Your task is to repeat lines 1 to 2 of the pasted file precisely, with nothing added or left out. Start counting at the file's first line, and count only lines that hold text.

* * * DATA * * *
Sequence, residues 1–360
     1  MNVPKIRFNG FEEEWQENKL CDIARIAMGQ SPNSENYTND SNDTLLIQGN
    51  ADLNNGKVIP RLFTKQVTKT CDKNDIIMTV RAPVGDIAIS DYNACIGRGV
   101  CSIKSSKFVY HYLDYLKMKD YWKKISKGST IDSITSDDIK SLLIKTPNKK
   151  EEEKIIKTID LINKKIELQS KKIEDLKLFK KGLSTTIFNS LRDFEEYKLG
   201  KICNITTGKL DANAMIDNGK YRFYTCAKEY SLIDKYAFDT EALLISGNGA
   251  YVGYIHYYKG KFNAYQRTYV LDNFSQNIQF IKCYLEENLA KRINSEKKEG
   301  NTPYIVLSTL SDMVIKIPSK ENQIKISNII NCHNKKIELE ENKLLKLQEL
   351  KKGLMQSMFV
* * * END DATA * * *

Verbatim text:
Sequence, residues 1–360
     1  MNVPKIRFNG FEEEWQENKL CDIARIAMGQ SPNSENYTND SNDTLLIQGN